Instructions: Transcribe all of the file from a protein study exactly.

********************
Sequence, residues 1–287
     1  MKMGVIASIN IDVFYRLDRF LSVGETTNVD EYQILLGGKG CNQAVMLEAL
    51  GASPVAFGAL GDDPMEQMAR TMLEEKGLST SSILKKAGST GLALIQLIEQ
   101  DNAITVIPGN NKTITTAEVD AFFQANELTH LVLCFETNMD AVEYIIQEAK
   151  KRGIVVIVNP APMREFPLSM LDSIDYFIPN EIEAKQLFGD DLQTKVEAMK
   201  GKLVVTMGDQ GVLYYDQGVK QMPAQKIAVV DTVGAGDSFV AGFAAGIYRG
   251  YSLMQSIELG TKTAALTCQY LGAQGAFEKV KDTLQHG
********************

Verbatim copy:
Sequence, residues 1–287
     1  MKMGVIASIN IDVFYRLDRF LSVGETTNVD EYQILLGGKG CNQAVMLEAL
    51  GASPVAFGAL GDDPMEQMAR TMLEEKGLST SSILKKAGST GLALIQLIEQ
   101  DNAITVIPGN NKTITTAEVD AFFQANELTH LVLCFETNMD AVEYIIQEAK
   151  KRGIVVIVNP APMREFPLSM LDSIDYFIPN EIEAKQLFGD DLQTKVEAMK
   201  GKLVVTMGDQ GVLYYDQGVK QMPAQKIAVV DTVGAGDSFV AGFAAGIYRG
   251  YSLMQSIELG TKTAALTCQY LGAQGAFEKV KDTLQHG